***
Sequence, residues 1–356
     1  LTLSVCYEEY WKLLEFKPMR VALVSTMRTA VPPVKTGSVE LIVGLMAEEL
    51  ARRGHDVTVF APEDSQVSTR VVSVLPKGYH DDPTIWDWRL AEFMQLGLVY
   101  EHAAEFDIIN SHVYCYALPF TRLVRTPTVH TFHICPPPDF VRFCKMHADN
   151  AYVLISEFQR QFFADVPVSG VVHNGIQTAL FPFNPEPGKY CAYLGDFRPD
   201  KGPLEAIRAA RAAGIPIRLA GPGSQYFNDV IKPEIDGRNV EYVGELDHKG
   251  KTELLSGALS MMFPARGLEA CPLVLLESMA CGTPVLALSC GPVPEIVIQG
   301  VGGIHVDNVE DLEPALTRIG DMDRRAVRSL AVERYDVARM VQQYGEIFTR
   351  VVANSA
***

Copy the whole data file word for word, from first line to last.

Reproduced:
Sequence, residues 1–356
     1  LTLSVCYEEY WKLLEFKPMR VALVSTMRTA VPPVKTGSVE LIVGLMAEEL
    51  ARRGHDVTVF APEDSQVSTR VVSVLPKGYH DDPTIWDWRL AEFMQLGLVY
   101  EHAAEFDIIN SHVYCYALPF TRLVRTPTVH TFHICPPPDF VRFCKMHADN
   151  AYVLISEFQR QFFADVPVSG VVHNGIQTAL FPFNPEPGKY CAYLGDFRPD
   201  KGPLEAIRAA RAAGIPIRLA GPGSQYFNDV IKPEIDGRNV EYVGELDHKG
   251  KTELLSGALS MMFPARGLEA CPLVLLESMA CGTPVLALSC GPVPEIVIQG
   301  VGGIHVDNVE DLEPALTRIG DMDRRAVRSL AVERYDVARM VQQYGEIFTR
   351  VVANSA